Signs A Dog Is Dying And Saying Goodbye To Your Dog


Dogs come into your life when you need them the most, and somehow bring a unique love and joy that you didn’t even know you needed. More often than not, in exchange for the satisfaction that you get, you give your furry buddy the best dog treats. However, they only stay for a portion of our lives. Dogs are extremely intelligent animals and can give some pretty strong signs of their passing coming up even months away. There are some signs you should know about when your best friend may be reaching the end of their journey, and how to say goodbye.

Watch Out For These Signs

Nobody wants to hear their pet is at their end of life, but it is a cycle that has to come to an end. You may have some clues due to age, but here is a list of symptoms to look at for that may signal you might need to start spending your last moments together.

  • Loss of coordination/confusion
  • Loss of appetite/no longer drinking water
  • Not wanting to move or play
  • Severe fatigue
  • Vomiting or incontinence
  • Muscle twitching
  • Slowed respiration
  • Seems uncomfortable
  • Loss of consciousness
  • Wanting to be near you, or wanting to be alone

These signs usually come months away. A dog can begin losing weight, stop grooming, have duller eyes, become dehydrated, and have gastrointestinal changes up to 3 months before its passing. As it gets closer to time, they will lose a lot more weight, have a change in appetite and respiration, and have less interest in activities that include moving. Unfortunately, these signs mean you will have to begin looking at options and planning for the end. It’s not something any pet owner wants to consider or hear, but it would definitely help bring to talk to a vet about their opinions and their options as well.

What You Can Do

If your dog seems peaceful and you are able to emotionally, letting them pass at home would be a natural and comfortable way to go for your buddy. The best thing you can do is give them a warm, comfortable place to rest with a blanket and give them all the love they desire. Some say their pets held on until they reassured them it’s okay to let go, so if that brings so closure to you or your pet you could try that. It’s very hard to know that your pet is about to pass, but it’s important to keep in mind that it’s a natural process. You should keep in mind that although they came into your life for a short period of time, you were there the whole time. It’s human to grieve, but be thankful for those precious memories.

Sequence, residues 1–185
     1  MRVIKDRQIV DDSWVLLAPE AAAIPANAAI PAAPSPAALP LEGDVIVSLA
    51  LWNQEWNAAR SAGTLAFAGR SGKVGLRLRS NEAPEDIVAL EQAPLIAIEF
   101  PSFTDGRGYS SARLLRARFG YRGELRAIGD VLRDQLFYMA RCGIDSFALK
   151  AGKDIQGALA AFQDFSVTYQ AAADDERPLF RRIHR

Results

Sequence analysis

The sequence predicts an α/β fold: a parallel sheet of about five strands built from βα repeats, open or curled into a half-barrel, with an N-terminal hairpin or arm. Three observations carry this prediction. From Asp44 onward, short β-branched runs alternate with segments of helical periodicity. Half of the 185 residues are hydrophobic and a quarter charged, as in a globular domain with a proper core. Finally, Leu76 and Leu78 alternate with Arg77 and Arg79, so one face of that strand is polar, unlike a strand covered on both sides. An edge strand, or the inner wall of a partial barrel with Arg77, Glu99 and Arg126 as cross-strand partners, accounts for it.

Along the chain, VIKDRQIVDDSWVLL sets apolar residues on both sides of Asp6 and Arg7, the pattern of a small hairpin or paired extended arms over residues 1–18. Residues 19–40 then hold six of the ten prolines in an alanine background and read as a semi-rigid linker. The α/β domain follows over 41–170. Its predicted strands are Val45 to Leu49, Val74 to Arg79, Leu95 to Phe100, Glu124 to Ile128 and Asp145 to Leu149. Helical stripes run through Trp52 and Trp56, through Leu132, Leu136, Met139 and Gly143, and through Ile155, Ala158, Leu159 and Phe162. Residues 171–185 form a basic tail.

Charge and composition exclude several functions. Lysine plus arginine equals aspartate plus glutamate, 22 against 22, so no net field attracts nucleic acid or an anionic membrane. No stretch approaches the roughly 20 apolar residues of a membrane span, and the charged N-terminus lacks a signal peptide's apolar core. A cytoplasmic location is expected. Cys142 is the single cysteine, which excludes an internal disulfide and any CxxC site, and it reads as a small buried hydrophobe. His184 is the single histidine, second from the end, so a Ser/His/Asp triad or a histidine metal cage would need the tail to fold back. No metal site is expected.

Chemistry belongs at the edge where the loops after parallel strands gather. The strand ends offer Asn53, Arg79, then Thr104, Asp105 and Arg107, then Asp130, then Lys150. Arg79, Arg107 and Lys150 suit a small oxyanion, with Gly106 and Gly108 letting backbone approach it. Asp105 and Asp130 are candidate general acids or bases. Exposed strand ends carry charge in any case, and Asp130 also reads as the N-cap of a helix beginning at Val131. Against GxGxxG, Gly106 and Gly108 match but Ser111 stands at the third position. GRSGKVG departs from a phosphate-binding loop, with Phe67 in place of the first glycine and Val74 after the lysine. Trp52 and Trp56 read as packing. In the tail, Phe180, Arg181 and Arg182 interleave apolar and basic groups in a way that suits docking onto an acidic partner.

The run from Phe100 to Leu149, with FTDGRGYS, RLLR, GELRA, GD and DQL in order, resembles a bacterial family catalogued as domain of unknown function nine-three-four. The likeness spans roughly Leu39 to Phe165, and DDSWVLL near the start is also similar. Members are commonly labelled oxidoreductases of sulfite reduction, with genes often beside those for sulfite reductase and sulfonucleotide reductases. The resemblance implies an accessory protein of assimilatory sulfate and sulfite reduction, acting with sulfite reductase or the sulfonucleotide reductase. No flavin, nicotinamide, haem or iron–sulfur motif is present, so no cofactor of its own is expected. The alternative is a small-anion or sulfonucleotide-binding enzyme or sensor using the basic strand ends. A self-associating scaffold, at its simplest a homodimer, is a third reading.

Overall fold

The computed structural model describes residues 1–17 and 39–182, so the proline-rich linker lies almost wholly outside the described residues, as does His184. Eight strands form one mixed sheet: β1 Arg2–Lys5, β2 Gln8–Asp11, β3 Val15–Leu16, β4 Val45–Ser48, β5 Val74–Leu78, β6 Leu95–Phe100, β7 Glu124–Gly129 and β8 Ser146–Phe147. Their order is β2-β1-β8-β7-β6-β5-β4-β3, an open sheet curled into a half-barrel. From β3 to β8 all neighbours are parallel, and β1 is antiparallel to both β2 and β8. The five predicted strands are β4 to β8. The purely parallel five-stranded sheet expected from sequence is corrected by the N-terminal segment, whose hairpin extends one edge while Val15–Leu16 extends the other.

Unfortunately, some people may notice that their pet seems like they are in pain or really uncomfortable. If your dog seems uncomfortable or in pain and needs help getting comfortable, hospice could be a great option. A hospice near you would have some more detailed information about the process, but it could keep them more comfortable until they pass. Another option is to put your dog down at a nearby vet. This may seem like a hard decision, but if your pet is struggling and its final moments wouldn’t be peaceful, it may be something to consider. Both options would require some strength, as the process would be speedier and not at home, but if it brings some comfort to your pet before they pass it may be something to consider.

When Pet Passes

You might be wondering what you should do after your pet has passed. There are many options today when pet deaths are just as important as any death. There are burials, cremations, and the option to bury them in your own backyard. If none of these options sound like something that you can afford or have the ability to do at the time, you can also call a local vet for the pickup of your pet. It is really just up to your preference and what you can afford. Something interesting that is now being offered with cremations is the option to put the ashes in necklaces and other jewelry so you can keep your old friend close to you even after they are gone.

Saying goodbye to your pet is a reality nobody wants to face. It’s a painful, scary process for you and your pet. It’s important to reassure yourself and your dog that this is a natural part of life and that everything will be okay. There are so many options, like hospice, that are available for your pet if you feel that is a good decision. After they pass, you will need some time to get through the grieving process. Something that can help is keeping memories, such as pictures, their collar, or anything else that is sentimental near you. Grieving is a very hard process, but it’s reassuring to remember those wonderful memories you made with your pet and the love that you shared.

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